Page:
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Tombusvirus recruitment of host translational machinery via the 3' UTR.

Nicholson, Beth L; Wu, Baodong; Chevtchenko, Irina; White, K Andrew.
RNA; 16(7): 1402-19, 2010 Jul.
Artigo em Inglês | MEDLINE | ID: mdl-20507975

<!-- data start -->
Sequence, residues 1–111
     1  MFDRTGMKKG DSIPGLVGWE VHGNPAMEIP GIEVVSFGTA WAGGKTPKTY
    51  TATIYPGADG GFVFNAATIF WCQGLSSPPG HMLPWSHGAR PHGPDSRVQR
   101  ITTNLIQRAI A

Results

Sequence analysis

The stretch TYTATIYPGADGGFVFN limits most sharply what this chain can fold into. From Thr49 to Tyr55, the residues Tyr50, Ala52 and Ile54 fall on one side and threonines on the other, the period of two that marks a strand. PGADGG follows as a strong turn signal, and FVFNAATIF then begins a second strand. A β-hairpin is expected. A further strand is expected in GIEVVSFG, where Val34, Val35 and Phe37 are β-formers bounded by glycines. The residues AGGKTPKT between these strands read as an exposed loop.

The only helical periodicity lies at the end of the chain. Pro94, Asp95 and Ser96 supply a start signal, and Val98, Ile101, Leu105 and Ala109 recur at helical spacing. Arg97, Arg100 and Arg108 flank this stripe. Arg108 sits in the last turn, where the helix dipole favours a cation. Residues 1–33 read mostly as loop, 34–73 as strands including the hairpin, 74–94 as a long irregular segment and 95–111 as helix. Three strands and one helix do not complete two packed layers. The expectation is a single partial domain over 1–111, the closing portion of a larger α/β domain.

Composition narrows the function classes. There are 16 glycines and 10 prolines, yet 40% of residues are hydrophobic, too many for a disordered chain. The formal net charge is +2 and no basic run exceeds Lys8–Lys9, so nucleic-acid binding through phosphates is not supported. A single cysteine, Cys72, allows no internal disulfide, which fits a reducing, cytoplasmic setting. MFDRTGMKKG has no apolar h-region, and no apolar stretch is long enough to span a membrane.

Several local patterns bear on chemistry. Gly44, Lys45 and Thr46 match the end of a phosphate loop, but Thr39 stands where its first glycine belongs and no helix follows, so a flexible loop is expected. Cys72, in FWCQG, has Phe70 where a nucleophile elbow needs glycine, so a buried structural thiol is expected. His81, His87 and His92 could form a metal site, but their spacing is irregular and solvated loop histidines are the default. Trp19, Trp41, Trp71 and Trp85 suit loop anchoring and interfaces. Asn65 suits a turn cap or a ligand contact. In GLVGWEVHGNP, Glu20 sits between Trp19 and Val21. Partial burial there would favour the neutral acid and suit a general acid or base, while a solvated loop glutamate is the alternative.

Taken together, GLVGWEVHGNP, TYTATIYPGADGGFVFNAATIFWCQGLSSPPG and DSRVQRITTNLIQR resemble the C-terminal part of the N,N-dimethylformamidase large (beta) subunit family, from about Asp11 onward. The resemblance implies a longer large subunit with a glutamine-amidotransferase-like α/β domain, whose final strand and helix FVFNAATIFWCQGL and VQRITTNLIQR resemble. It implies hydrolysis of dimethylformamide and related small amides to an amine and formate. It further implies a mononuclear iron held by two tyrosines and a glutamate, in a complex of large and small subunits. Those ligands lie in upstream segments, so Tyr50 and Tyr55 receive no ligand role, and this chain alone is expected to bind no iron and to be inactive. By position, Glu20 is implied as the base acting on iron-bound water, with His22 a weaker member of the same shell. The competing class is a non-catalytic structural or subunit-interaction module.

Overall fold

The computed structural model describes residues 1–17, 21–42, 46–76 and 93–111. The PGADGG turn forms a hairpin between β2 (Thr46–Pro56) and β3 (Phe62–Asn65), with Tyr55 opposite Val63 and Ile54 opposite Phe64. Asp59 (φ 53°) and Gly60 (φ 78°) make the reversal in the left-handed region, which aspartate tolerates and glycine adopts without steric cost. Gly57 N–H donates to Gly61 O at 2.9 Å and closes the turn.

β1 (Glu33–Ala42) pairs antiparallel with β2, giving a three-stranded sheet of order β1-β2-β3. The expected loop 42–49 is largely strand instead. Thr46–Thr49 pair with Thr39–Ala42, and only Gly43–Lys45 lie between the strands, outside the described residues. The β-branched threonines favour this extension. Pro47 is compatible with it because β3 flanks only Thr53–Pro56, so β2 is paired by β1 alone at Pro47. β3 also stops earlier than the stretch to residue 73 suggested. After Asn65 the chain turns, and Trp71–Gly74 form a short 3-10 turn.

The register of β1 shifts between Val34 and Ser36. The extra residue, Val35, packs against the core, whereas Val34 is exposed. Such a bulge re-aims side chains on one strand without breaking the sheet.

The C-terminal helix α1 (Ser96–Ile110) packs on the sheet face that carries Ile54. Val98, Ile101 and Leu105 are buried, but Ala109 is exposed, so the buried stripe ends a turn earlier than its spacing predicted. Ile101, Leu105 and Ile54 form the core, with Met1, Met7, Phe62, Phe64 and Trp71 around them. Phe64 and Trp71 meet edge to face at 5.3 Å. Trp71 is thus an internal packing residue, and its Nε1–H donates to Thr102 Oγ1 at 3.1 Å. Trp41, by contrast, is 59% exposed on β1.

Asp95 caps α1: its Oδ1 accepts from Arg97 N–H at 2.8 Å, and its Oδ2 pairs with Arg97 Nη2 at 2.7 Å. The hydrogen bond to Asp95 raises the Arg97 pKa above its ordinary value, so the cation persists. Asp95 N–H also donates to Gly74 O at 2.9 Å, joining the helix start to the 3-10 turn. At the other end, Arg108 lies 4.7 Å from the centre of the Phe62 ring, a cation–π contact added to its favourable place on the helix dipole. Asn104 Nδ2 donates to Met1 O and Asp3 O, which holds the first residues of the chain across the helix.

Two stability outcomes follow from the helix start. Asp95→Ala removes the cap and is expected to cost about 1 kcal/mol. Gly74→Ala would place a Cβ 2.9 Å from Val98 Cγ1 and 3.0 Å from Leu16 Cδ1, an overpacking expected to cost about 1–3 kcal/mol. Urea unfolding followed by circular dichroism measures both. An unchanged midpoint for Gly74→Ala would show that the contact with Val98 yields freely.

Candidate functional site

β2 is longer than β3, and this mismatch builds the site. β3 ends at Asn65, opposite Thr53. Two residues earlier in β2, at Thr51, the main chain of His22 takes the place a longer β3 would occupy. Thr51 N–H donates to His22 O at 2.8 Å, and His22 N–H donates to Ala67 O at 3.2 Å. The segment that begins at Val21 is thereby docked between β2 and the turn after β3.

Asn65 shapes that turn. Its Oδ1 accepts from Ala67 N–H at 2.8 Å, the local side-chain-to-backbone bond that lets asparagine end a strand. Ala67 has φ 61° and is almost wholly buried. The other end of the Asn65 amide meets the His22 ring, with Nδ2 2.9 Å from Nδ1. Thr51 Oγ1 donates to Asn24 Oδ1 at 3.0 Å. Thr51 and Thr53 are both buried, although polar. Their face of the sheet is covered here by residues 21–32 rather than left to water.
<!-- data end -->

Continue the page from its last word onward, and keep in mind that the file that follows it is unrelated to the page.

RNA viruses recruit the host translational machinery by different mechanisms that depend partly on the structure of their genomes. In this regard, the plus-strand RNA genomes of several different pathogenic plant viruses do not contain traditional translation-stimulating elements, i.e., a 5'-cap structure and a 3'-poly(A) tail, and instead rely on a 3'-cap-independent translational enhancer (3'CITE) located in their 3' untranslated regions (UTRs) for efficient synthesis of viral proteins. We investigated the structure and function of the I-shaped class of 3'CITE in tombusviruses--also present in aureusviruses and carmoviruses--using biochemical and molecular approaches and we determined that it adopts a complex higher-order RNA structure that facilitates translation by binding simultaneously to both eukaryotic initiation factor (eIF) 4F and the 5' UTR of the viral genome. The specificity of 3'CITE binding to eIF4F is mediated, at least in part, through a direct interaction with its eIF4E subunit, whereas its association with the viral 5' UTR relies on complementary RNA-RNA base-pairing. We show for the first time that this tripartite 5' UTR/3'CITE/eIF4F complex forms in vitro in a translationally relevant environment and is required for recruitment of ribosomes to the 5' end of the viral RNA genome by a mechanism that shares some fundamental features with cap-dependent translation. Notably, our results demonstrate that the 3'CITE facilitates the initiation step of translation and validate a molecular model that has been proposed to explain how several different classes of 3'CITE function. Moreover, the virus-host interplay defined in this study provides insights into natural host resistance mechanisms that have been linked to 3'CITE activity.
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